A look back: 2012 in review
It has been another busy year on the battlefields. The year started with the BBC’s broadcast of Sebastian Faulks’ WW1 novel, Birdsong which acted as a catalyst for generating people’s interest in tunnelling and underground warfare. Back in June 2011, prior to filming we had taken actors, Eddie Redmayne and Joseph Mawle underground at La Boisselle to show them the real environment of a WW1 tunneller. Most of the year has been spent in organising and running our current archaeological project at La Boisselle. In total we worked five weeks on site, ranging from a few days in March to an entire fortnight of work in May and October. Details of the work can be found on http://www.laboisselleproject.com/ and our BBC Four documentary will be broadcast sometime in January. A personal highlight was our time filming underground in October. Descending a 50ft shaft down to the labyrinthine galleries at the 80ft level and exploring 700ft of tunnels, the first people to do so in over 96 years, was an incredible privilege and one which I will certainly never forget.
We opened the site from 30 June – 2 July, welcoming over a thousand visitors who were on the Somme for the 1 July commemorations. In the past I had always kept away from the Somme for this period and so had not experienced the crowds but found it hugely satisfying to see the public reaction. Best of all was the opportunity to fly over the battlefield in a friend’s helicopter which was infinitely safer than the microlight I had been up in during May’s dig!
I have spoken to many groups about La Boisselle this year; at schools, various WFA branches, Great War societies, private dinners and at Eastbourne Redoubt (as part of their Great War lecture series). Most recently, it was a thrill to speak in the Officer’s Mess at Sandhurst to ninety guests who had joined us for a fundraising dinner. However, my hardest lecture to give was in Arras in April, almost ninety five years to the day that battle had commenced, when I spoke about the April- May 1917 offensive for an hour….in French.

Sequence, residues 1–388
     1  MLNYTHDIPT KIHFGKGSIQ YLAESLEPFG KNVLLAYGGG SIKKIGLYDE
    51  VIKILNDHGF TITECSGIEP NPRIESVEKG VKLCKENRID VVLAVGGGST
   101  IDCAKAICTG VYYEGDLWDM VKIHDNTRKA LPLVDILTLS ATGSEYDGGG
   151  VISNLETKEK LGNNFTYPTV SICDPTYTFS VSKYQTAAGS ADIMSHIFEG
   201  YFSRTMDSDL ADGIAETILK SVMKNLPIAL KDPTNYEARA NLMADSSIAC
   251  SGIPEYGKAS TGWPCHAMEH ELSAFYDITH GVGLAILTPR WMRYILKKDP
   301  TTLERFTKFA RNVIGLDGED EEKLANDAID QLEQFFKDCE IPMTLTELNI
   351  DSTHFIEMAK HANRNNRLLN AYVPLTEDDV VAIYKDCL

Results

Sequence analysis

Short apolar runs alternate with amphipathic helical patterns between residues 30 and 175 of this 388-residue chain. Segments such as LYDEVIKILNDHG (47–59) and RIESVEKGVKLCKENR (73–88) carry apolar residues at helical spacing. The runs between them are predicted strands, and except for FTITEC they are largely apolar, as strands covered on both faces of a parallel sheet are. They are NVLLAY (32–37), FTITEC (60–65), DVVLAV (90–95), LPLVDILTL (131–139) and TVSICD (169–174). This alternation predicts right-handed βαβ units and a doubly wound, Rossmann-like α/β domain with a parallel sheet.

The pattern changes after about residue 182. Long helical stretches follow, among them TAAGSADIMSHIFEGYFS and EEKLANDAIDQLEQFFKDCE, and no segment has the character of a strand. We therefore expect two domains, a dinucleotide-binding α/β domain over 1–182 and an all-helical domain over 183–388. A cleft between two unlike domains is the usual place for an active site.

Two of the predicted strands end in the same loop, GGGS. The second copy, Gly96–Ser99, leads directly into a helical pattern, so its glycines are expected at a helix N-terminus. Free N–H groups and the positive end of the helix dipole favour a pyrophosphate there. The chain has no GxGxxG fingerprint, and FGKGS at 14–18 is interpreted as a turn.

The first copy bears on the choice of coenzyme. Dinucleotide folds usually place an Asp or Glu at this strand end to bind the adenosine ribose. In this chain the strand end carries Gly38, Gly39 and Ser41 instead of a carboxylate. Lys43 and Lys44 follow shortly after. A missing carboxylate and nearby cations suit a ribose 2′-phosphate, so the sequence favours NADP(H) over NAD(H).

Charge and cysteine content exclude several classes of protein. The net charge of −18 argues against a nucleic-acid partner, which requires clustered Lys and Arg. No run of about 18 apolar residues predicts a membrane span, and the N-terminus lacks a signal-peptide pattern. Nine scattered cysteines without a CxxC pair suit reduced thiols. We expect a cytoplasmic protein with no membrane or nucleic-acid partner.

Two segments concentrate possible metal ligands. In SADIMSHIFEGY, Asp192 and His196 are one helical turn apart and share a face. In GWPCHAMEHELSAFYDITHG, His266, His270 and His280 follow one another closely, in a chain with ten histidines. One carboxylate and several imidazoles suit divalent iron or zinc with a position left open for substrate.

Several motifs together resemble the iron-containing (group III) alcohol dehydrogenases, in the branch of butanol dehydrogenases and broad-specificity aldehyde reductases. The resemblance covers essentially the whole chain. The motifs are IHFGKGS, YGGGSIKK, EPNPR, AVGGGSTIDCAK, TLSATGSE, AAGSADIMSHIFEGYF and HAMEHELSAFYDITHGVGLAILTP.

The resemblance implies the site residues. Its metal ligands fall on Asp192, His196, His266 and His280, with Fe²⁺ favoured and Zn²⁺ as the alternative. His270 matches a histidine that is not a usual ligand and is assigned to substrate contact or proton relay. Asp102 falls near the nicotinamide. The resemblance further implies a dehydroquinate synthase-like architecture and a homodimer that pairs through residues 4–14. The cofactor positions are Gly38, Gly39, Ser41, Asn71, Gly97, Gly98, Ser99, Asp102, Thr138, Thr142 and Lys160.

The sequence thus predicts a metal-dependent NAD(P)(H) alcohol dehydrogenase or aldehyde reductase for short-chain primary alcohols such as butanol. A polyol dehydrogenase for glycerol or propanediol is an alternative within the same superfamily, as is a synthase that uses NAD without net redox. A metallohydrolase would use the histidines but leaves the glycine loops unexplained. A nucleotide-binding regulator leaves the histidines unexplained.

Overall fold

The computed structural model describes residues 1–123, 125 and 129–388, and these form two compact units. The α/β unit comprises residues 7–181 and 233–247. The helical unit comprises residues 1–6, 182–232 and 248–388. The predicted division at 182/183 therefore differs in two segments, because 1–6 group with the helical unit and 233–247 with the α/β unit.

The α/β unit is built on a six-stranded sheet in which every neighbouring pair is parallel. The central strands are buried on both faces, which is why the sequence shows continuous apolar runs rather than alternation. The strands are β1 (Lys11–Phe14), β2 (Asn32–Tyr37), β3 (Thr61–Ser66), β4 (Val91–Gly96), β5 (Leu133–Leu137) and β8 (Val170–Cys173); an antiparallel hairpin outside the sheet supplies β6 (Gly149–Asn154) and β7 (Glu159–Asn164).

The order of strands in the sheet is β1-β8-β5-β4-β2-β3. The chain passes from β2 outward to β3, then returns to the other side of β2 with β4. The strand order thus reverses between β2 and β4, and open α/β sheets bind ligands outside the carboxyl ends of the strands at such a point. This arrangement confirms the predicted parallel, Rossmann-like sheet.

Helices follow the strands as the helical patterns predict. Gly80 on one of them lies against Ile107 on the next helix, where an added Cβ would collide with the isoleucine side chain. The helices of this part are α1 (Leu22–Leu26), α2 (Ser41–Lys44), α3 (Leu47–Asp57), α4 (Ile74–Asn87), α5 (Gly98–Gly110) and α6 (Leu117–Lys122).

As a result of these other commitments I spent little time on the rest of the battlefields, taking only a few guided tours – trips to Arras and the Somme in the spring and autumn were a particular highlight. In October I spoke on BBC News and the Jeremy Vine show on BBC Radio 2 on the Government’s First World War Centenary plans for 2014-18. Over £50m has been allocated to commemorate the centenary but as much of this is designated for the IWM’s revised WW1 Gallery, financially it really is a drop in the ocean. It will be interesting to see the effect of this governmental effort on battlefield visitors and a greater understanding of the war, both at home and abroad.
My work with schools continues to grow and the autumn saw me providing talks and workshops for a number of classes. I am now part of Bristol’s ‘Heritage Schools’ programme provided by English Heritage and have a number of workshops already booked for the coming year.
In January I spent three days filming with actor and comedian Hugh Dennis for the BBC’s ‘Who Do You Think You Are?’, following Hugh’s grandfather from Arras up to Ypres and Wytschaete. The resulting episode was broadcast in September. The following month I worked with Yellow Duck Productions on their BBC Wales’ ‘Coming Home’ programme with actor Robert Glenister, explaining his relative’s service in the AIF and part in the disastrous attack at Fromelles in July 1916. I was also interviewed for a programme on gas and flamethrowers for History Channel USA to be broadcast in 2014.
The coming year is already looking busy with a number of bespoke battlefield trips booked, plenty of research projects agreed for clients, and research work beginning on a new BBC television commission. I am also planning on spending time over the winter months on recces and battlefield walking and, as ever, will post images and updates on my Twitter account. Please check out 2012’s blog entries for more information on some of the events mentioned.